The University Theatre at the University of Colorado Boulder got an upgrade this semester with 24 new moving lights.
The university bought LEDs this time around, so in addition to updating what students are using, it will also be saving energy and waste.
“The biggest impact really is the excitement of our students being able to use this training,” said Jonathan Spencer, a lighting design instructor at CU Boulder.
When he first started as a professor last year, Spencer said the “very aged lighting inventory” was one of the first things he noticed.
The equipment, which was 20 to 30 years old, was wearing down and impeding students’ learning, he said.
Spencer, along with a group of students and staff, got $140,000 in funding to remedy the issue. Most of the funds came from the College of Arts and Sciences and Utility and Energy Services, as well as the Colorado Shakespeare Festival and theatre and dance department.
They’ve used $115,000 so far to update the equipment. Spencer said the switch will end up saving money.
Much of the old equipment required maintenance, as well as accessories like gels, which LED lights don’t require. The lights also didn’t last as long as LEDs — they averaged 1,000 usable hours compared to a minimum of 20,000 for LEDs.
That saves the environment 2,800 pounds of waste, including the bulbs and packaging, for each LED light they use to replace incandescent lights, Spencer said.
The new lights also will better prepare students for the real world. About eight years ago, Spencer said, there was a “revolution” where lighting was replaced with LED technology. It became a regular staple on Broadway, cruise ships, school theaters and more.
“At CU Boulder, we had a really big gap in our training,” he said. “Within another 10 years, I will predict that almost all entertainment lighting will be LED — incandescent lighting will go away.”
In this way, the new equipment is a “beautiful meeting of environmental impact but also recognizing trends of the industry,” Spencer said.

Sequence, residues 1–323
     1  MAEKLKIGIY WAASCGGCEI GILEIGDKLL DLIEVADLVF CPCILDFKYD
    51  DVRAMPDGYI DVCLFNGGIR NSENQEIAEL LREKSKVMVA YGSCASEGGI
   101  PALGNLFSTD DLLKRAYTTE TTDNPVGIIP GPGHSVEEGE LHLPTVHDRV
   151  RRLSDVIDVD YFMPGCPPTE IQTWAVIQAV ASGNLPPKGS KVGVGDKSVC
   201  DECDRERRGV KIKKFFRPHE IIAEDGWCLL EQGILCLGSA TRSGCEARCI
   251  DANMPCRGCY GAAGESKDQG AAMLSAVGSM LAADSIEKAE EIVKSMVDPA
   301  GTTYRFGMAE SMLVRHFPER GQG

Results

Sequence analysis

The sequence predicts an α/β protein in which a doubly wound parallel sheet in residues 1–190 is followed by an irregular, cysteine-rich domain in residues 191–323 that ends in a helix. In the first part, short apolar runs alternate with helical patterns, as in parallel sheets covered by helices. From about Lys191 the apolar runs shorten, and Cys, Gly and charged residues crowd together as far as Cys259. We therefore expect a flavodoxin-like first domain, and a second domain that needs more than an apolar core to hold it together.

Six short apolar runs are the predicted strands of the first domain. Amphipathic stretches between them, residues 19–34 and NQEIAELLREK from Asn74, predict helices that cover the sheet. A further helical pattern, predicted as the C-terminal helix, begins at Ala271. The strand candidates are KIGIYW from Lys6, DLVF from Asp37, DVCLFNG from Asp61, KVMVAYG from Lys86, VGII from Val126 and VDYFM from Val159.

When Wes Halloran, a theatre major concentrating on sound and lighting design, heard the theater was getting new lights, he said he “let out a huge sigh of relief.”
“Then I went into Jonathan’s office, threw up my arms, and screamed ‘Wooooo!,’” he said. “I’ve been in the department for three years now and we’ve always worked with vastly outdated equipment that just isn’t seen in any professional theatre anywhere anymore.”
Halloran helped Spencer make the case for funding, emphasizing the amount of energy that LED lights could save. He was also one of the first people to use the new gear, and he said the new capabilities allowed for “more intense, intricate and cohesive designs.”
“Gorgeous aerial effects, instantaneous bumps of light, and the ability to change color on a whim within the same fixture provided the tools to create these more enhanced designs,” he said.
Ian McMorran, who graduated this year, also said the new equipment has helped students learn about the modern technology they’ll see in their careers. One new light can also replace multiple conventional lights in a rig, he said, which frees up space and set-up time.
“The new lighting fixtures require quite the learning curve for new designers and technicians to use so having the opportunity to integrate these technologies early is a huge benefit to their professional development,” McMorran said.